'Doomsday village' in Turkey's İzmir still popular despite failed Mayan prediction

Published 22.07.2018 20:31
Updated 23.07.2018 14:15
Şirince, a quiet hillside village, welcomes thousands of tourists every year.
Şirince, a quiet hillside village, welcomes thousands of tourists every year.

Şirince, a quiet village in western Turkey, saw its popularity peak in 2012 when crowds descended from all over the world, believing it would be one of two places on Earth to be spared from the doomsday predicted on an ancient Mayan calendar. Six years after the failed prediction, thousands still visit the village which now boasts about 1.5 million visitors every year.

Tracing its history to fifth century A.D., the village located near the ancient city of Ephesus in western Turkey's İzmir province, sought to dissuade foreigners from visiting and was thus rumored to have been named "Çirkince" meaning "ugly place" for this very reason. On the other hand "Şirince" roughly translates to "nice place."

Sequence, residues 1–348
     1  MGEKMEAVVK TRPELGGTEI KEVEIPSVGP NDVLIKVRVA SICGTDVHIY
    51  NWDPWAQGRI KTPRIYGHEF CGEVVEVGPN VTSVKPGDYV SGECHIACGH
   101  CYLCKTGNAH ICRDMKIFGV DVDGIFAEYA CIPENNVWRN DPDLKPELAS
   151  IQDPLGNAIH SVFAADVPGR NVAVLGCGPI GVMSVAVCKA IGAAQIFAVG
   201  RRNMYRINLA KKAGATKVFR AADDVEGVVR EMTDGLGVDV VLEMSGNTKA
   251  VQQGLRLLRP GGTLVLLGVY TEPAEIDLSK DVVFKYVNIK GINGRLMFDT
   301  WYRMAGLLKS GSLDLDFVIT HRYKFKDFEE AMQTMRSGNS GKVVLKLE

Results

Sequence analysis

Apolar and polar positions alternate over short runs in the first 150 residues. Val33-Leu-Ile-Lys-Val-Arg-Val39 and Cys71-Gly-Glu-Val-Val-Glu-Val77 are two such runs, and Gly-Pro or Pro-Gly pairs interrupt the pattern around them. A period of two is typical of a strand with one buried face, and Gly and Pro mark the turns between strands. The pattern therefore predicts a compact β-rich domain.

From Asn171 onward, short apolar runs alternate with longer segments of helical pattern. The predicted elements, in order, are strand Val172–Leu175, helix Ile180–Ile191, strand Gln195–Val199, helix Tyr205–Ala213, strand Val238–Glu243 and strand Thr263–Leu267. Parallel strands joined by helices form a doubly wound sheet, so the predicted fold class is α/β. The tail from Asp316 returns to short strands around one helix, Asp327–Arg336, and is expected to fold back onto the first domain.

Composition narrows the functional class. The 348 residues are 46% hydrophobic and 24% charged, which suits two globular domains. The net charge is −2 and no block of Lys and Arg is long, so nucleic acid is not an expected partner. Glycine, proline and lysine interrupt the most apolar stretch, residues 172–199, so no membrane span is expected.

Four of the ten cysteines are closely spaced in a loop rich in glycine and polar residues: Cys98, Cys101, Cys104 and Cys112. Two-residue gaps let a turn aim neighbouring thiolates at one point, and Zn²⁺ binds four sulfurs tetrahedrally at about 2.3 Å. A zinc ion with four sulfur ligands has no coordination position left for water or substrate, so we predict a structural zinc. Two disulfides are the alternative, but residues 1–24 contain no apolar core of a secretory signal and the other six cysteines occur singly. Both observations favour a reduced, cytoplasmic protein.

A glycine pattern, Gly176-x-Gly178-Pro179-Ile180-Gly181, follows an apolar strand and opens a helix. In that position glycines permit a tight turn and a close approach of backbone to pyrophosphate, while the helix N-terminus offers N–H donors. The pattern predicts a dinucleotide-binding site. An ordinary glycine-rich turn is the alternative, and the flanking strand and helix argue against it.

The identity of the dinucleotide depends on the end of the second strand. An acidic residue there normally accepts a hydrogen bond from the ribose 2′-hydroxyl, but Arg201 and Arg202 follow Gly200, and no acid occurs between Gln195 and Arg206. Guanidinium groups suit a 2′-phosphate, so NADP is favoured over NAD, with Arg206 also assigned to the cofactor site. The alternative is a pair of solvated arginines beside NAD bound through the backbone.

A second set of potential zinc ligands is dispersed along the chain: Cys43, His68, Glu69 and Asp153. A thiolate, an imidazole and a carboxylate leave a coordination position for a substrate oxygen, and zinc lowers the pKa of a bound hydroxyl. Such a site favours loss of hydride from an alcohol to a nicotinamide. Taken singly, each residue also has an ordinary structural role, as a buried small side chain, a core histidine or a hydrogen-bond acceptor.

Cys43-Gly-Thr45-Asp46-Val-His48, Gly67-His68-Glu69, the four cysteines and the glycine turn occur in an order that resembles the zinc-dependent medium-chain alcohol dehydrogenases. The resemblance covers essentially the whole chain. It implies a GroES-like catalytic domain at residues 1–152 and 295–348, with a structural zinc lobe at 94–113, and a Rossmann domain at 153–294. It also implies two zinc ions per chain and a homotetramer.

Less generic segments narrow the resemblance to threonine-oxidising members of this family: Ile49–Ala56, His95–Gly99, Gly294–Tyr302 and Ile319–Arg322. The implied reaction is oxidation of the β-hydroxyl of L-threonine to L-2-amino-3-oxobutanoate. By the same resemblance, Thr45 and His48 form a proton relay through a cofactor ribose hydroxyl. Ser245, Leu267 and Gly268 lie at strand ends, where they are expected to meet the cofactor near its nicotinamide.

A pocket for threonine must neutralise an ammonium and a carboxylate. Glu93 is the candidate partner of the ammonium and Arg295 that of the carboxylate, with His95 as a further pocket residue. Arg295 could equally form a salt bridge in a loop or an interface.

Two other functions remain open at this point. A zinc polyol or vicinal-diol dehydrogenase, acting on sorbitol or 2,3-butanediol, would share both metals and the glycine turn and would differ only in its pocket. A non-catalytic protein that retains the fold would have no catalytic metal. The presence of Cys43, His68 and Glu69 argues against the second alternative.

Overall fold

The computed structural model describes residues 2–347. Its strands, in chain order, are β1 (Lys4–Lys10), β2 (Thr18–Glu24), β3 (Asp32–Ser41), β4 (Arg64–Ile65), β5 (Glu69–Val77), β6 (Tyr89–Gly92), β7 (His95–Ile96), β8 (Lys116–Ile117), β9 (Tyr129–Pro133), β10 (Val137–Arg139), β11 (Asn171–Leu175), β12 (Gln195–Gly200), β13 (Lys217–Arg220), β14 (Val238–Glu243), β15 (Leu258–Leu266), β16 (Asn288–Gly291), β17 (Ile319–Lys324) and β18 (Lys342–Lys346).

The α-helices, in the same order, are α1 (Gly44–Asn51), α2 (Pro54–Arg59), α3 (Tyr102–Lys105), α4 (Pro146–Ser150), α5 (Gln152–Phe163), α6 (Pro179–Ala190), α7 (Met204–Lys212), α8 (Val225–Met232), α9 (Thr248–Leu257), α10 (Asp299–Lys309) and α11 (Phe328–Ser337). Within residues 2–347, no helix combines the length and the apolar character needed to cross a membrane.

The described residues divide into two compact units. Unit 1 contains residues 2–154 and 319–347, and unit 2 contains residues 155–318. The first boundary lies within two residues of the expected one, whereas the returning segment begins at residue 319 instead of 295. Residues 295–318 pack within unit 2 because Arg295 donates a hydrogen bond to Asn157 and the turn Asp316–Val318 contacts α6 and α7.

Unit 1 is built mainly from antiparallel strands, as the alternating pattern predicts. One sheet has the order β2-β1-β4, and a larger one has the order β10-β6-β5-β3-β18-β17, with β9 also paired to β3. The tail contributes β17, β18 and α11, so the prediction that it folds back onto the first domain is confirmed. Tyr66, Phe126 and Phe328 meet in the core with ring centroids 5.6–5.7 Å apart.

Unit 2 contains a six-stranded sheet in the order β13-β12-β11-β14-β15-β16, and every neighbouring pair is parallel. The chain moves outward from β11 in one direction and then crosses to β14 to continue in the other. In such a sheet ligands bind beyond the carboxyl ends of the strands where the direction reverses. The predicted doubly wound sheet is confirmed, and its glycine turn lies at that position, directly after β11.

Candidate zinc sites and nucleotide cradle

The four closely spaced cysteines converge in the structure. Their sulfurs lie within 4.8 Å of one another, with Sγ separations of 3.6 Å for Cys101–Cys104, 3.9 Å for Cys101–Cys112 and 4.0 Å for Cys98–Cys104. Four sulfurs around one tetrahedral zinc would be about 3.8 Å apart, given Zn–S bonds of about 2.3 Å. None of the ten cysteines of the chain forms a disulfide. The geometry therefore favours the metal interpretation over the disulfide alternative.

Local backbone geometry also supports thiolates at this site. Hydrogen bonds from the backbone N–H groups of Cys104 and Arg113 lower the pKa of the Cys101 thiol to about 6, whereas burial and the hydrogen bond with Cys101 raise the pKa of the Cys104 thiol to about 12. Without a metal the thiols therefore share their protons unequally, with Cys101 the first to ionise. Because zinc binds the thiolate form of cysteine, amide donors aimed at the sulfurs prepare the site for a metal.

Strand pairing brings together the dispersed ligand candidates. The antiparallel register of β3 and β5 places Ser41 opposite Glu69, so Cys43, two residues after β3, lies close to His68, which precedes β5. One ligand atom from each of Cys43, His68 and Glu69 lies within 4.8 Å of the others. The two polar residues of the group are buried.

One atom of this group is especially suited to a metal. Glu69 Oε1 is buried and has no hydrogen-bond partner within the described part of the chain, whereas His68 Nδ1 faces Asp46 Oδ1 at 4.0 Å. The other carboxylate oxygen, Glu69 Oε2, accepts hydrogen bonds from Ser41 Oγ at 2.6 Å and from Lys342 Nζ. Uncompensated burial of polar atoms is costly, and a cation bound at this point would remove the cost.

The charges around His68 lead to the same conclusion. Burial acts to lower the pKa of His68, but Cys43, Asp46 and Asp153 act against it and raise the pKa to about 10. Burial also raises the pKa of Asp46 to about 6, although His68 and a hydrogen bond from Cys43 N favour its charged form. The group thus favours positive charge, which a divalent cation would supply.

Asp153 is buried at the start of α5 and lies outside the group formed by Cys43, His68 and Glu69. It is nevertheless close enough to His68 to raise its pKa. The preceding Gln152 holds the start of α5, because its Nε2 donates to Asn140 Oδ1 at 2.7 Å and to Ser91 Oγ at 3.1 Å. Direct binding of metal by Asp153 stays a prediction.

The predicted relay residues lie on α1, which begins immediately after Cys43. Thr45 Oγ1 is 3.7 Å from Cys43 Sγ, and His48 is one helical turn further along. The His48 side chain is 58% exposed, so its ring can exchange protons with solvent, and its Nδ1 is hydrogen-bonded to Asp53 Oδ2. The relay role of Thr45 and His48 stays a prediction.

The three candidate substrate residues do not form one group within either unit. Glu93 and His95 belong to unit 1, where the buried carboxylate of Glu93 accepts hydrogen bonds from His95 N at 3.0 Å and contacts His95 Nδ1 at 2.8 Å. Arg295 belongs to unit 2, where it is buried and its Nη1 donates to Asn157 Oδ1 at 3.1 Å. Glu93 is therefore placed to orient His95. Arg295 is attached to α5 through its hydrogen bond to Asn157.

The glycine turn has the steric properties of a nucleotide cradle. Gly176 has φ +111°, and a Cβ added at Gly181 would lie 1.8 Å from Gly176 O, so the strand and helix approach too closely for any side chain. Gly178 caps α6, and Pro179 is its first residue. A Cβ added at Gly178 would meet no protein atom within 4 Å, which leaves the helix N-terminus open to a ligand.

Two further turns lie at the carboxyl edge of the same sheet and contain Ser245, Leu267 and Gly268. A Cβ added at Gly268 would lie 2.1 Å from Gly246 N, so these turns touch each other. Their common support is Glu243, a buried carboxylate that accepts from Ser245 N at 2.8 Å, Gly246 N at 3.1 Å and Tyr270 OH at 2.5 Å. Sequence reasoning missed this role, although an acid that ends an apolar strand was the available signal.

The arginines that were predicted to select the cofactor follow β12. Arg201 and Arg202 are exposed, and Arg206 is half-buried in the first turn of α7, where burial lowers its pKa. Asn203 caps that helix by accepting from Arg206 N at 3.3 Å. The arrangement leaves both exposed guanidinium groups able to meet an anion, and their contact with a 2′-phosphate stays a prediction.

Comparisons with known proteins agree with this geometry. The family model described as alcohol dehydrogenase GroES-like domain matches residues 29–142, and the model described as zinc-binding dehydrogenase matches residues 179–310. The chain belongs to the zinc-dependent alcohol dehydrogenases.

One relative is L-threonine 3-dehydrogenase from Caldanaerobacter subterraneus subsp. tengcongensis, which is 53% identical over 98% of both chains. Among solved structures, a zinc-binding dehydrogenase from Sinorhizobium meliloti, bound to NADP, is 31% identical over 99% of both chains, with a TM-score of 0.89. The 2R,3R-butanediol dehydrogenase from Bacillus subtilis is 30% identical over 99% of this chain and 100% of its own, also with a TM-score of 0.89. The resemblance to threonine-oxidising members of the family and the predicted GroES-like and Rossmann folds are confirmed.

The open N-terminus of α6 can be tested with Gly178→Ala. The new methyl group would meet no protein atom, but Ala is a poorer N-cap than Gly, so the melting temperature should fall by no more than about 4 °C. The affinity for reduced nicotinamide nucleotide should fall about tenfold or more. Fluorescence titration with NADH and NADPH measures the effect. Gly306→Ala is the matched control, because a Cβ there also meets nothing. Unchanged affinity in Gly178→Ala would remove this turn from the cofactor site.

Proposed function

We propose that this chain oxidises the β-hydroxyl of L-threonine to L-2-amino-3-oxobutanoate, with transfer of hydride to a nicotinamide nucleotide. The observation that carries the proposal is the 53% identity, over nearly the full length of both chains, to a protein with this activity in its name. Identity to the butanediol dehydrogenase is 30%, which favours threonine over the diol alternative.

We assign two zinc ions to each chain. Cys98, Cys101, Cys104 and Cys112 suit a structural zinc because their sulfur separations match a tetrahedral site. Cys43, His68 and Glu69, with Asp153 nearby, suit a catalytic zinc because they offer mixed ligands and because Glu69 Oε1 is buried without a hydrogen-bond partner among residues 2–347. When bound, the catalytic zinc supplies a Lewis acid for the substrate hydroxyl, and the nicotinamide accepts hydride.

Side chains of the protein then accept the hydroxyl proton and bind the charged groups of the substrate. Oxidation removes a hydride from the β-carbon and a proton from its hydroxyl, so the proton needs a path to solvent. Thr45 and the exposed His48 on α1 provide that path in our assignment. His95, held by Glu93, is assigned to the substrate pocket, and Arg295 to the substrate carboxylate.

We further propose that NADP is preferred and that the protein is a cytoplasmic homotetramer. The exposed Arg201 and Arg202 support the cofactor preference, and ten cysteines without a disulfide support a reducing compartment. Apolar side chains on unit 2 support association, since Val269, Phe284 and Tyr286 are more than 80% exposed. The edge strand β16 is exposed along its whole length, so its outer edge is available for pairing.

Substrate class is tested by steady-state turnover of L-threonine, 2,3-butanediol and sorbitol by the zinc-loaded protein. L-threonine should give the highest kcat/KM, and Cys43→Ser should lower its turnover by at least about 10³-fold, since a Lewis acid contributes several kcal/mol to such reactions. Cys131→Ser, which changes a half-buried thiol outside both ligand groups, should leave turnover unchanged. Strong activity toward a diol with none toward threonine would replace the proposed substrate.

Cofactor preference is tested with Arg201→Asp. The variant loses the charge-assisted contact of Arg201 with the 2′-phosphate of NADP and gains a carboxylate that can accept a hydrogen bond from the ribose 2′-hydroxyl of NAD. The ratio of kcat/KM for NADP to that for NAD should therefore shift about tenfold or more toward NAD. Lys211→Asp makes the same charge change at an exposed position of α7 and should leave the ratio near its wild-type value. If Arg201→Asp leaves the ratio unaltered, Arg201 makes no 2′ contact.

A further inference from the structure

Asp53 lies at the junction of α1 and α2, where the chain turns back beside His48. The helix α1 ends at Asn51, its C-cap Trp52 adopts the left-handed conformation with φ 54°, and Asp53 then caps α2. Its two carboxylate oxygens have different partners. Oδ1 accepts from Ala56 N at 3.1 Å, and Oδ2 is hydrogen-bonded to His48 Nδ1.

Amid a tourism boom taking over Turkey's Aegean region where it is located, residents of the village who are mostly descendants of refugees from the Balkans, now count on tourist dollars.

The village was not usually on the itinerary of travel agencies offering tours to Ephesus, until a group of self-styled experts on bio-energy, announced that "mystical energy" in Şirince could spare it from the approaching doomsday.

Since then, foreign tourists are a usual sight on narrow alleys of the hillside village where traditional white, stone houses surrounded with olive trees offer a nostalgic microcosm of Anatolia of the past. Tourists from Far East are among the majority of tourists visiting Şirince which occasionally draw Orthodox faithful performing religious services in Muslim village's two churches.

It was South Korean tourist Dongkyoung Choe's first time in Turkey when she decided to visit the village after she read about its newfound fame. "France and Italy have similar villages but Şirince seems very natural. It apparently managed to preserve its culture and characteristics," she told Anadolu Agency.

Emanuel Muller Ramos from Brazil decided to take a trip to Şirince after visiting Ephesus. "I am fascinated. It is a perfect village," he said.Ahmet Irak who runs a boarding house in the village said Şirince is a place "to visit year after year" for tourists. He said apart from Asian countries, tourists from Arab and European countries are also frequent visitors.

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